error( "program requires bits_per_byte-bit bytes" );
    24bbs.cpp

  8. #8
    Registered User
    Join Date
    Apr 2002
    Posts
    81
    Just as I'd conform to my employer....

    Thanks for your comments!!!! Every little bit helps.....
    "Our greatest glory consists not in never failing,
    but in rising every time we fall."

    Oliver Goldsmith (1730-1774).
    Anglo-Irish writer, poet and playwright.

  9. #9
    ....
    Join Date
    Aug 2001
    Location
    Groningen (NL)
    Posts
    2,386
    Nonetheless, comments are tedious! For example, let say you spend an hour on an algorithm. Now, you have to spend another ten, twenty, even thirty minutes commenting the class or a collection of classes. In the end, you have less time solving other problems.
    In practice there is always less time to solve problems. But if you're organisation has a good software development process going on, then it is a lot easier for an engineer to deal with time. In my opinion comments should explain why something happens in the code, not what is actually happening. This is because the question what is going on in the code is a design issue which should be described in a design document. Someone who reads you're code should have read the design documents, so he/she knows what the code does. This reduces the number of comments in the code to only explaining why something in the code is done, for example a trick to implement some algorithm a bit more efficient or something which doesn't look very obvious.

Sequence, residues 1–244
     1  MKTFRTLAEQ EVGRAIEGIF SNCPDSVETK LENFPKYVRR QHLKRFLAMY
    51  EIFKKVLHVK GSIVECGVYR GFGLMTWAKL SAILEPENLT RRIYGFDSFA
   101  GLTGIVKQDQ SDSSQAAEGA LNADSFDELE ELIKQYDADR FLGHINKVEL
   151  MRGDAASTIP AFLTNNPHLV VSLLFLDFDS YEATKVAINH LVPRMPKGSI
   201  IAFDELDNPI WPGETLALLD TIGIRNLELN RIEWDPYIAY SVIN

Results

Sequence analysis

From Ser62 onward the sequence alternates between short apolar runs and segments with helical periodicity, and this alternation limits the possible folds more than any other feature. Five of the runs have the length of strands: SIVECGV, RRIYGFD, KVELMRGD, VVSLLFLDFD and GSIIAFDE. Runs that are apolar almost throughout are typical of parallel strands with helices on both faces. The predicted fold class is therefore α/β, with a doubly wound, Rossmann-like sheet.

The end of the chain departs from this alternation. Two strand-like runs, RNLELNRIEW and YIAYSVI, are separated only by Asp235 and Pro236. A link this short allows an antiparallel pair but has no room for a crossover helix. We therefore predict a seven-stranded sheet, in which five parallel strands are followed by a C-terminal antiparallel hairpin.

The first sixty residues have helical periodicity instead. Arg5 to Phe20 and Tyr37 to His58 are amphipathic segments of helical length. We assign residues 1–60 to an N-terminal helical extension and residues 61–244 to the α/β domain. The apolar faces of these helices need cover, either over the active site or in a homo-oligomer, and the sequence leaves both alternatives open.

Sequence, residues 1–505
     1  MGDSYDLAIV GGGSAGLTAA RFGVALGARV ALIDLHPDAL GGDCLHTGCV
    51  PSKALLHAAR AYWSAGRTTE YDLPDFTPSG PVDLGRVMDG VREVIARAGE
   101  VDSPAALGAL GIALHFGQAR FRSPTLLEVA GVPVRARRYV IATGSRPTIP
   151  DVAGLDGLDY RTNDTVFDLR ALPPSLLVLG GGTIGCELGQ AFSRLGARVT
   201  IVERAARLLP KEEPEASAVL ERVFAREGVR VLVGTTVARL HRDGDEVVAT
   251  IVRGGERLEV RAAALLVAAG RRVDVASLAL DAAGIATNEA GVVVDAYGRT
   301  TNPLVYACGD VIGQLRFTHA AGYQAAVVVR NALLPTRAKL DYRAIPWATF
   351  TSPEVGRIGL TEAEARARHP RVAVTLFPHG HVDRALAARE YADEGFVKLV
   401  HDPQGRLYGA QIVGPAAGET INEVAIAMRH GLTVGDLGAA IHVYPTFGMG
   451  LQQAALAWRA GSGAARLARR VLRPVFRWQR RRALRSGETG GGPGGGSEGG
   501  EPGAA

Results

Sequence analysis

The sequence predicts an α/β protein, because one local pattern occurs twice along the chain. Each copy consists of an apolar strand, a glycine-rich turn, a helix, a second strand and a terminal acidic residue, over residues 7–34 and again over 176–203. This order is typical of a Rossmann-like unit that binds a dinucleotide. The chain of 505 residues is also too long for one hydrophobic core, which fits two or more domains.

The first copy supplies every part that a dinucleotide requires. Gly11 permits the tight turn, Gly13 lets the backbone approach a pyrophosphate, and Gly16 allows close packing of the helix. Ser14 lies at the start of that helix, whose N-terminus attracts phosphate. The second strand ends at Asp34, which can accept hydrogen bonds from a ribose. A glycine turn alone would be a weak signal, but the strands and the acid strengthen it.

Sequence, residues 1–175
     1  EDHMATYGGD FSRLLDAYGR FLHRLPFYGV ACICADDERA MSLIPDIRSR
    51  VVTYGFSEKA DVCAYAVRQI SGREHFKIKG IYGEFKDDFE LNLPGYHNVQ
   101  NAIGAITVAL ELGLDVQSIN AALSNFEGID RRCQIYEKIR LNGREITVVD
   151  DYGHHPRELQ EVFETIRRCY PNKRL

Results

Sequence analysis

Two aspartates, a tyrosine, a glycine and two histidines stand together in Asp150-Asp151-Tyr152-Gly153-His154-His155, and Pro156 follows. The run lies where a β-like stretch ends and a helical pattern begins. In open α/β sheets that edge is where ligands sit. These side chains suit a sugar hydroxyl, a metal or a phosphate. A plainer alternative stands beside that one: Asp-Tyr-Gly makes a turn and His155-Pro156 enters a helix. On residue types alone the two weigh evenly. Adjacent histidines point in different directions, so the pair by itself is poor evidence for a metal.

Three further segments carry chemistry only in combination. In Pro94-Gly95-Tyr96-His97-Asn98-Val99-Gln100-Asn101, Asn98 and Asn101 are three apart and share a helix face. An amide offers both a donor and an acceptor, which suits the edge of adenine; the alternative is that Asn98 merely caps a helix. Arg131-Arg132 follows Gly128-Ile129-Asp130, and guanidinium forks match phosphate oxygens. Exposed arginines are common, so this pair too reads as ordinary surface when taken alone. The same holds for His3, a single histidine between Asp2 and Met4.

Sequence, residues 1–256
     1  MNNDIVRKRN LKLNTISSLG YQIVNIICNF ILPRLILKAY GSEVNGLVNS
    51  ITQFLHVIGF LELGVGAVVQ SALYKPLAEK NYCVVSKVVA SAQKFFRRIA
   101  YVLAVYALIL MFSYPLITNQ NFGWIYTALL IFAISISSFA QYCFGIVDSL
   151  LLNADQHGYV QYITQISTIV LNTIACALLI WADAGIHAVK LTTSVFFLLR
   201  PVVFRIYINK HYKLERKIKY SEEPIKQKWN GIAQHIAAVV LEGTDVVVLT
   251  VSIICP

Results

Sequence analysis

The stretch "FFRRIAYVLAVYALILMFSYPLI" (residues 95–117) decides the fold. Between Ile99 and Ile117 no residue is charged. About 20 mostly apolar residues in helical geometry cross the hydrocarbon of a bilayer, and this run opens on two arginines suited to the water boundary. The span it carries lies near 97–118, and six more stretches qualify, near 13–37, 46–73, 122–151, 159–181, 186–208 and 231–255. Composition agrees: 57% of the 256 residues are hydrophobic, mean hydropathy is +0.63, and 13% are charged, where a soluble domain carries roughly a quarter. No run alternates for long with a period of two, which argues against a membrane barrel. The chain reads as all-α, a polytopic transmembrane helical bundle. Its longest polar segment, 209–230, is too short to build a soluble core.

Commenting the class or a collection of classes or functions is something which is not necessary if you write a design document before coding. I always try to write a detailed design document, which saves a lot of time on coding and leads to very little commenting.

  10. #10
    Registered User
    Join Date
    Apr 2002
    Posts
    81
    Now I'm being pulled appart!!!!!

    Is it important to write comments or not?????

    They help me out in my own code!!! I'm told it's good practice..... should I spend my time typing comments or not???

    Books says yes.....
    "Our greatest glory consists not in never failing,
    but in rising every time we fall."

    Oliver Goldsmith (1730-1774).
    Anglo-Irish writer, poet and playwright.

  11. #11
    ....
    Join Date
    Aug 2001
    Location
    Groningen (NL)
    Posts
    2,386
    >Is it important to write comments or not?????

    Yes, but more important is how to comment.

    1. If you don't create a document in which you describe your design, then you will need a lot of comments to explain the code. If you do create a design document, less commenting is required.

    2. When reading the code, it should become clear what the code does. Only when things are not obvious at specific places, explain why you did something at those specific places.